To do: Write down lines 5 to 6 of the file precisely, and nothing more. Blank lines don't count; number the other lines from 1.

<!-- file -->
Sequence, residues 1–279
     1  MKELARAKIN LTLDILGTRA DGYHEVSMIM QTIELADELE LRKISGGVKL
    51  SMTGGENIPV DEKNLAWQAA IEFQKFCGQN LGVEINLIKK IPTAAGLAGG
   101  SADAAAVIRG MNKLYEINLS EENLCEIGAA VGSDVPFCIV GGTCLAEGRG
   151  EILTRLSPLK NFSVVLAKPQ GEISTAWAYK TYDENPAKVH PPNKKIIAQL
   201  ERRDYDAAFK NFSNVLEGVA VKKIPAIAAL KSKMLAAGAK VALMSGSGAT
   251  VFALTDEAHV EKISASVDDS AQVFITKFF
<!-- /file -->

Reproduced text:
   151  EILTRLSPLK NFSVVLAKPQ GEISTAWAYK TYDENPAKVH PPNKKIIAQL
   201  ERRDYDAAFK NFSNVLEGVA VKKIPAIAAL KSKMLAAGAK VALMSGSGAT